After a 45 minute flight, we were vectored back down into the clouds for the ILS approach into Schenectady. I mistakenly thought that I could descend because the controller said we could join the localizer course, but we hadn't been cleared for the approach yet, so Bill figuratively smacked me in the side of the head and I climbed back up to our cleared altitude until ATC cleared us for the approach. We did a Localizer approach instead of the ILS, ignoring the glideslope, just for the practice. I circled to land and we taxied back to Fortune Air.
So, 4 hours of actual and hood time - another very useful training day. I really feel like I'm starting to "get" the thing. I'm still making mistakes, for sure - I get distracted by something and forget to follow the trend of a descent or climb, or check my heading every 2 seconds - but it's happening less and less, and with less severity, plus, I almost always catch it myself, rather than having to have Bill whack me in the head to realize what's going on. Bill thinks we'll be done on Wednesday - the sixth full day. We'll see.....
We tied down, collected our stuff, and then went up in the tower to visit the controller, who was just about asleep, given the lack of action during the late afternoon/evening. It was cool seeing the inside of the tower and talking to someone you usually don't get to meet.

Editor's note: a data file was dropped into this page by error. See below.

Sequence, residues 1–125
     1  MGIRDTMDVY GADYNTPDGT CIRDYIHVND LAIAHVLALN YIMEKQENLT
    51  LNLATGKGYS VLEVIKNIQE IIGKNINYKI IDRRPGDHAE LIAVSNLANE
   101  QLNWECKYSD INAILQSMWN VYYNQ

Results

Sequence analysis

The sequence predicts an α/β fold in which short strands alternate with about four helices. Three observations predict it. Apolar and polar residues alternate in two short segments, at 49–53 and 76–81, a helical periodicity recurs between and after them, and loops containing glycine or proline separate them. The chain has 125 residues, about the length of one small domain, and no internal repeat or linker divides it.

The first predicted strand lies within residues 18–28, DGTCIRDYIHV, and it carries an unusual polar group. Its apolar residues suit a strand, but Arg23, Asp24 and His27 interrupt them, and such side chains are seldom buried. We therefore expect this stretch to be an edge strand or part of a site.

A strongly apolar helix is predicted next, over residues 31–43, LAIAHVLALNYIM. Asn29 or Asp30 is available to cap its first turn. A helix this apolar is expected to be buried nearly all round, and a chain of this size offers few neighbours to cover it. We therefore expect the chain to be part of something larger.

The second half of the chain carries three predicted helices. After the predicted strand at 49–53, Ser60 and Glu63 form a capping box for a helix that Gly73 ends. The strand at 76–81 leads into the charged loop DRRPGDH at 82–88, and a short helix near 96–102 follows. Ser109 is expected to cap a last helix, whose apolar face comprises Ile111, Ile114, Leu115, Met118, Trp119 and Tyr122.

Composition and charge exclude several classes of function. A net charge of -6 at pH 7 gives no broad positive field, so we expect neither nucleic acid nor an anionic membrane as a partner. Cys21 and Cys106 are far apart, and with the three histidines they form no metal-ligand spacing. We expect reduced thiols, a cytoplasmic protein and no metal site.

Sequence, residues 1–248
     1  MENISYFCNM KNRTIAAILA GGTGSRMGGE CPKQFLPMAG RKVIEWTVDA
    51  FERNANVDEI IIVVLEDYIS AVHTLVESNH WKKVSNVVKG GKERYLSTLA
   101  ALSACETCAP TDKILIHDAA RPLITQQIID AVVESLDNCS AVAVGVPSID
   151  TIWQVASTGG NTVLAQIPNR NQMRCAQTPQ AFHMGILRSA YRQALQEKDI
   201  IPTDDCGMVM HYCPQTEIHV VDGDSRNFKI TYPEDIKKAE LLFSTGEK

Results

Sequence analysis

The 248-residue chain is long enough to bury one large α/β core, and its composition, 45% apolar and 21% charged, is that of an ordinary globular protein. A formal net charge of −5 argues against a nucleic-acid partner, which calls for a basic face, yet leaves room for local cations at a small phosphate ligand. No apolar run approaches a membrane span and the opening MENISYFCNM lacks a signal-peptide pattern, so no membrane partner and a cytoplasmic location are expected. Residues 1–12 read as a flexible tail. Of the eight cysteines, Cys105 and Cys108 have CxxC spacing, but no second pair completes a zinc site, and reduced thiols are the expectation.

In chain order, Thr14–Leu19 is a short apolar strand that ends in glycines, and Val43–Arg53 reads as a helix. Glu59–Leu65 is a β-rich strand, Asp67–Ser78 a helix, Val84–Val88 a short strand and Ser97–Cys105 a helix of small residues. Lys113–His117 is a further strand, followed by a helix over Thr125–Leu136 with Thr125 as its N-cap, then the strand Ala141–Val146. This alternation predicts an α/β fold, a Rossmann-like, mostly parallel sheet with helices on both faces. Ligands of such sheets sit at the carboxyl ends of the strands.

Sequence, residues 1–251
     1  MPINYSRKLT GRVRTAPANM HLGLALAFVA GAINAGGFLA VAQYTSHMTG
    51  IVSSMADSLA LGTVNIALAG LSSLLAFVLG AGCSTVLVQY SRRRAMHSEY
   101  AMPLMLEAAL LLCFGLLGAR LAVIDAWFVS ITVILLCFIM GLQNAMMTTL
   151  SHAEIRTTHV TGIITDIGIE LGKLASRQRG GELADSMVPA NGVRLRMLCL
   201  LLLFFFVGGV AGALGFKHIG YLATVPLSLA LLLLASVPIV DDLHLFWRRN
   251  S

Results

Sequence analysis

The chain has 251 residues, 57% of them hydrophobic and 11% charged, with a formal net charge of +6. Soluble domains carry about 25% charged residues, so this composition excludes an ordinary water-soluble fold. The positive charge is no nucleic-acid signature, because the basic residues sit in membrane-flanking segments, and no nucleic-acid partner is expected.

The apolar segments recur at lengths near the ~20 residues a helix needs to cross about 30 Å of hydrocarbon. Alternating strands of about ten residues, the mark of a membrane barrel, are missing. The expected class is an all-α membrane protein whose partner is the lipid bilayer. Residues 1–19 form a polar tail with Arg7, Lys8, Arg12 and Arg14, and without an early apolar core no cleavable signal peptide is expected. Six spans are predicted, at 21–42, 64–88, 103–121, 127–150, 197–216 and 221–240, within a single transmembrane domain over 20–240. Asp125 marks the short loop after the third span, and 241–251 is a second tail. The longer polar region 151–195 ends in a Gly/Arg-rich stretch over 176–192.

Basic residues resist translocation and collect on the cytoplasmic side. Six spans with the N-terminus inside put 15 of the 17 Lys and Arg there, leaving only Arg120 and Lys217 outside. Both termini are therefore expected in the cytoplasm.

Here's a picture of what the white tape sealing the front of the canard to
the fuselage top looks like after building a bit of ice and having it melt/rip
off. I think the ice hardened the tape, and then the air pressure broke off the
hardened tape when the small bits of ice came off. Of course, I suppose it could
just be rain erosion of the tape where it had no underlying support, too.
After a burger and a beer at the local dive, Bill dropped me off at the motel, where I had to browbeat the desk clerk into resetting the wireless internet router on a regular basis, as it seemed to have a hard time holding up for more than 1/2 hour at a time.
Tomorrow, more practice Localizer approaches, partial panel work, unusual attitude recovery, and lunch at Fitchburg with Deanie.
|[Zeitlin's Cozy MKIV Information] [Zeitlin's Cozy MKIV Logbook]
[Cozy MKIV Information]
Copyright © 2005, All Rights Reserved, Marc J. Zeitlin